Complementary EUROPARC Programmes: the European Charter for Sustainable Tourism and the Junior Rangers

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Junior Rangers are the future park staff, business owners, tour guides and are important stakeholders in the European Charter for Sustainable Tourism.

Involving young people in the European Charter for Sustainable Tourism

by Rolands Auzins, ECST verifier

I care. I care about what is happening around now and in the future. I am interested. I am interested in how it works, why it happens and whether it can be different. I want to get involved. I want to be a part of the present and the future and be the one who can make things better. I’m a Junior Ranger.

Junior Rangers showcase their Protected Area at the International Junior Ranger Camp

Sustainable Destination principles govern how tourism is developed and managed in a Protected area. The European Charter for Sustainable Tourism in Protected Areas is a management tool, to ensure a viable and healthy future for people and for nature. Let’s pause here at “people” and focus on young people – the Junior Rangers. We for nature, nature for us. It is a mutual interaction between the two EUROPARC programs.

In charter parks, engagement with young people has largely been through the EUROPARC Junior Ranger programme. This programme has been operating effectively for many years and has proven itself to be a quality activity with a clear vision for the future.

Young people are an essential part of society in a Park involved in the ECST; they are stakeholders, and they will later take our place to continue what has been started. Years from now, a former Junior Ranger will come to the Park and say – hey, I’ve been here since I was a teenager, I know you and I know what you do. I want to be part of the team and maybe do even better.

A Junior Ranger introduces others to local Latvian specialities

Young people have a different point of view, they identify their own issues, which are not only worth it, but you definitely need to delve into them, because it is another perspective. Implementation of the ECST program is not possible without the involvement of young people. Junior Ranger activities are an excellent addition to the achievement of ECST’s goals, implementing various projects, activities, and engaging in the creation of a sustainable future. The young person is a Junior Ranger all the time, whether at school, at home, or in everyday life, and when working with ECST tasks, Park staff should remember that there is a young person nearby who is ready and willing to be involved.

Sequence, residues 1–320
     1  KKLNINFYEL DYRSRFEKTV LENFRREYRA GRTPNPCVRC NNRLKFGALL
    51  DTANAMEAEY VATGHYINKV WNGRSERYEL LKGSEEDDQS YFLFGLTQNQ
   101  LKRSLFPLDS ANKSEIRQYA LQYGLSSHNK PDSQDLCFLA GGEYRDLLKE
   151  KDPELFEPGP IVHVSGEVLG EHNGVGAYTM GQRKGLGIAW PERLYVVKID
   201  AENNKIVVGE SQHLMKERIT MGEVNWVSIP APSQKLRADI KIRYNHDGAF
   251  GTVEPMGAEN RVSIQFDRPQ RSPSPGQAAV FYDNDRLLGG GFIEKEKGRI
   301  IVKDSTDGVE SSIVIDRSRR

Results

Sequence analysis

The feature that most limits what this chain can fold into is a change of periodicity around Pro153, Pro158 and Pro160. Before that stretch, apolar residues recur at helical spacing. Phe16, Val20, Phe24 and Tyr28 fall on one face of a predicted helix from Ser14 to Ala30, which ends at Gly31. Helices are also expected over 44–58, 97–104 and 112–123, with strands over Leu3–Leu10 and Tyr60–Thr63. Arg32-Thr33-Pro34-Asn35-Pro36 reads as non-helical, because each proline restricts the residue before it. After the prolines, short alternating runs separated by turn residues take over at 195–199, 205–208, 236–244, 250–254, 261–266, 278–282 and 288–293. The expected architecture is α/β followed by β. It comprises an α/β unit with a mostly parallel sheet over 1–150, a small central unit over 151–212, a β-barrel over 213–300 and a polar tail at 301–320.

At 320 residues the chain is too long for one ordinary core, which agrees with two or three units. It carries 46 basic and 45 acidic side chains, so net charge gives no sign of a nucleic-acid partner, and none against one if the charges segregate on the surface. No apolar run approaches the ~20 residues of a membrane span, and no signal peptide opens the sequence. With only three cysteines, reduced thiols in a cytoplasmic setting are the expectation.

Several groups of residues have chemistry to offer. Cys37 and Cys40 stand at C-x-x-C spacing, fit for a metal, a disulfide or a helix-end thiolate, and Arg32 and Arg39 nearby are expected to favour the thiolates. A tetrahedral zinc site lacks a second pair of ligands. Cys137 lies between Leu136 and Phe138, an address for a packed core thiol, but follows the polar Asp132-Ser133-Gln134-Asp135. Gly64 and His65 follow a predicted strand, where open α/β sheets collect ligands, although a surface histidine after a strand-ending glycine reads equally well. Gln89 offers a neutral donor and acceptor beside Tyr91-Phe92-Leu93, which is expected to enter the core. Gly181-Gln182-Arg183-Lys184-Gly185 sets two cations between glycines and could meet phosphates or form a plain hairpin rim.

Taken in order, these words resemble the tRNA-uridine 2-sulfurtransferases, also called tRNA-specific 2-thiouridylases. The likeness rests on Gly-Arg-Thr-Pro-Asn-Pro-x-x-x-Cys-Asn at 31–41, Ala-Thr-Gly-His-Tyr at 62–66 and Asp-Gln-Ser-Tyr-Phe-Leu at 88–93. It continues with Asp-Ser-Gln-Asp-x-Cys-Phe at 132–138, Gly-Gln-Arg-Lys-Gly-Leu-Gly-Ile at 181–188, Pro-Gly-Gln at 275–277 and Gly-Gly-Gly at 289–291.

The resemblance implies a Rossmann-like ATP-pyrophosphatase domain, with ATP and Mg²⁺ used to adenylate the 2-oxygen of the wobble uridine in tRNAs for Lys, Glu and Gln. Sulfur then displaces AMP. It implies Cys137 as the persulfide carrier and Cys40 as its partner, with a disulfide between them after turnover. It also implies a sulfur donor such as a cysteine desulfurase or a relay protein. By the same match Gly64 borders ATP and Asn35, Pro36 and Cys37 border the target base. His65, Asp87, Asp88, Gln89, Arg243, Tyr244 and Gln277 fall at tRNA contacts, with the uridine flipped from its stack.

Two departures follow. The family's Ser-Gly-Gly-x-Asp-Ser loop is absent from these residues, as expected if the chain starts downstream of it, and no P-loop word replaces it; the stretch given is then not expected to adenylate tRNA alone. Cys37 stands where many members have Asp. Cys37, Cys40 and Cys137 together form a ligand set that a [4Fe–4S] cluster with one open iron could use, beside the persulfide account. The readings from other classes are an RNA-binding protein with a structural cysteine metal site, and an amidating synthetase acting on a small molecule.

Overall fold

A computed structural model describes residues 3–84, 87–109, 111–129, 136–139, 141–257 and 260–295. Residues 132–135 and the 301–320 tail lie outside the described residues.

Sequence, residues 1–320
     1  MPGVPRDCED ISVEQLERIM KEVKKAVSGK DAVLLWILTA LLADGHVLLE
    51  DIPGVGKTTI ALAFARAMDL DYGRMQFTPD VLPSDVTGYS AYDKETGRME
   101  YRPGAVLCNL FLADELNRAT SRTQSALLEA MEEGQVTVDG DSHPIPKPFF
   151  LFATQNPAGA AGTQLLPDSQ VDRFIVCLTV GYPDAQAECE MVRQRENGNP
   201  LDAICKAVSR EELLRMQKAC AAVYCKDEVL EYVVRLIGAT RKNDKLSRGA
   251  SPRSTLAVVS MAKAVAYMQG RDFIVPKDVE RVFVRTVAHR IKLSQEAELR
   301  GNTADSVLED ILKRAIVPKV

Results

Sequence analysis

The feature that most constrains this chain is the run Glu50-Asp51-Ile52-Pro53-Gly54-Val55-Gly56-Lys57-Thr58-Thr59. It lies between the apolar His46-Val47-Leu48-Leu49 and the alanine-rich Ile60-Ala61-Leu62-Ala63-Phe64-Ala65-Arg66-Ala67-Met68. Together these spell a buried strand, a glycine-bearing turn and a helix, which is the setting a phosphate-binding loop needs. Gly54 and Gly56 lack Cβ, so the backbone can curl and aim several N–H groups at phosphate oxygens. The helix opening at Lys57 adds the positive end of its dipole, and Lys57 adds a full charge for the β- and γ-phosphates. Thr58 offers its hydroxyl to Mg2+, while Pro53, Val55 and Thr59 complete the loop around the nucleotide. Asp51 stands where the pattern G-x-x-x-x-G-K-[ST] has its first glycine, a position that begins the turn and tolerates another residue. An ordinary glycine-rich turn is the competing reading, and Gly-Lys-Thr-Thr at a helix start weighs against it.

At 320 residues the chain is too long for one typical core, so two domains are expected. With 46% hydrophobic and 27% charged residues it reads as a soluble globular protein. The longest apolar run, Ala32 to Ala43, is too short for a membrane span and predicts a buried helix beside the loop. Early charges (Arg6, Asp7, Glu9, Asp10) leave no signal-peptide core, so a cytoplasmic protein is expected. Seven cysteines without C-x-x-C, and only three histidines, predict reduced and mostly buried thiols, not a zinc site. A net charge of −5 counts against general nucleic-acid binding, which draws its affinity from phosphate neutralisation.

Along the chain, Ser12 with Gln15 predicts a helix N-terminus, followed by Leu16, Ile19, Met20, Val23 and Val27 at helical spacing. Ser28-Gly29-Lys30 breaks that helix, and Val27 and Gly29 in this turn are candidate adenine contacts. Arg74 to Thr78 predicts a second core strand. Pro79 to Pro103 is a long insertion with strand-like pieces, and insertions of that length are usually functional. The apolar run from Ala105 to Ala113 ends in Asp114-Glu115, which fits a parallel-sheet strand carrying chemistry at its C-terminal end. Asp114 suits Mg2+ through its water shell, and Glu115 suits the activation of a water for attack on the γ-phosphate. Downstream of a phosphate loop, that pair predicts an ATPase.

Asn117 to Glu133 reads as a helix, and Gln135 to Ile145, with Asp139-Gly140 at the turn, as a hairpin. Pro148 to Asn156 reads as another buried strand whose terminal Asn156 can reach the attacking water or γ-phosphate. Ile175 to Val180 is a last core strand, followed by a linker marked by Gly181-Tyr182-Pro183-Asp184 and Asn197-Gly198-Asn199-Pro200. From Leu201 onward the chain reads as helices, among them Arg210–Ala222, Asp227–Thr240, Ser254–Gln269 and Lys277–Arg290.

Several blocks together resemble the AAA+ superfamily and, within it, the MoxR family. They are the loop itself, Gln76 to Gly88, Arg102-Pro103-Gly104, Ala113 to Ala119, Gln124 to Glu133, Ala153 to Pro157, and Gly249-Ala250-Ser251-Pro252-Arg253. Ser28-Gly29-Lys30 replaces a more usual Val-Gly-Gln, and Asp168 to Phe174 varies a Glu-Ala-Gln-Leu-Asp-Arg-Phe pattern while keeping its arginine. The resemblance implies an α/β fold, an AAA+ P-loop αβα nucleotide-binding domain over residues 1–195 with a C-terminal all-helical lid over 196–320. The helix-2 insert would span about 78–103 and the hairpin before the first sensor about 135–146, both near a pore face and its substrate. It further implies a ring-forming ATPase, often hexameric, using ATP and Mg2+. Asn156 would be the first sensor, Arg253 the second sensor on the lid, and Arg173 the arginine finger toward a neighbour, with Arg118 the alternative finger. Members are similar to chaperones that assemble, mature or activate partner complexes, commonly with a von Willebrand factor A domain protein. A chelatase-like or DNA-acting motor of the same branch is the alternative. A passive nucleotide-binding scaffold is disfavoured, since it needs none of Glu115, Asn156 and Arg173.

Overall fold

How we (those currently in charge of parks and especially ECST Protected Areas) manage Parks now, what decisions we make, affects us now, but will affect young people even more later. Our decisions today mostly have long-term effects, which will be best appreciated by those who do not yet have direct decision-making rights. If a park has become a Sustainable Destination, it is a long-term decision that will ensure the sustainable development of this place in the long-term and will ensure that Junior Rangers will want to return here after studying at universities. Time passes quickly, young people grow up, and they have their own requirements for life, space and place (e.g. as expressed in the EUROPARC Youth Manifesto). With the European Charter for Sustainable Tourism, a solid foundation is laid for the future together with those who now proudly call themselves the Junior Rangers.

Junior Rangers contributing to the European Charter for Sustainable Tourism in the Cairngorms National Park

by Will George, Ranger at the Cairngorms National Park and Junior Ranger Mentor

Whether repairing mountain paths, re-locating rare twin-flower or engaging with visitors about responsible access, the Cairngorms National Park Junior Rangers help to ensure a viable and healthy future for people and nature, and directly contributing to the Principles of the European Charter for Sustainable Development.

Earlier this year, four of them hiked up into the mountain plateau at the heart of the Cairngorms to deliver montane willow species to revitalise the remnant populations and increase the extremely rare montane scrub habitat. They were the youngest volunteers amongst a group organised by the Cairngorms Connect Partnership. So not only did they help to protect and improve the environment for the future, they also added passionate youth voices to a conversation involving a variety of stakeholders.

Katherine, aged 16, described what being part of the Willow Walk meant for her. “It makes us, as in the youth, feel like we’re doing something and we’re not just sitting round doing nothing. There is that sense of belonging. Being able to conserve and guarantee a future of this place for future generations makes me very happy. Doing small things to help, like bringing in the trees today, will help towards the bigger picture.”

Is your Protected Area a part of the European Charter for Sustainable Tourism?

Perhaps consider starting a Junior Ranger Programme to complement it.

Find out more on our website or send us an email!